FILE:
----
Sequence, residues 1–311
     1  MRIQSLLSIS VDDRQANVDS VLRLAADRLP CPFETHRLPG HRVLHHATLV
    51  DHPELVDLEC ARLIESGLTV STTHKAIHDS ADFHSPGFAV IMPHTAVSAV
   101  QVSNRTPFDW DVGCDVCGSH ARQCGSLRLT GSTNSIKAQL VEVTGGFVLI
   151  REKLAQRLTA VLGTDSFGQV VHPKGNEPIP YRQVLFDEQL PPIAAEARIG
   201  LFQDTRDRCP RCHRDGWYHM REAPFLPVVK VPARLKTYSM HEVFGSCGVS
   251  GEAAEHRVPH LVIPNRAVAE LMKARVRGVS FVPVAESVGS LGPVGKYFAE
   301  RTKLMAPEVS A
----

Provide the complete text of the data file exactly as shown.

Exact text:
Sequence, residues 1–311
     1  MRIQSLLSIS VDDRQANVDS VLRLAADRLP CPFETHRLPG HRVLHHATLV
    51  DHPELVDLEC ARLIESGLTV STTHKAIHDS ADFHSPGFAV IMPHTAVSAV
   101  QVSNRTPFDW DVGCDVCGSH ARQCGSLRLT GSTNSIKAQL VEVTGGFVLI
   151  REKLAQRLTA VLGTDSFGQV VHPKGNEPIP YRQVLFDEQL PPIAAEARIG
   201  LFQDTRDRCP RCHRDGWYHM REAPFLPVVK VPARLKTYSM HEVFGSCGVS
   251  GEAAEHRVPH LVIPNRAVAE LMKARVRGVS FVPVAESVGS LGPVGKYFAE
   301  RTKLMAPEVS A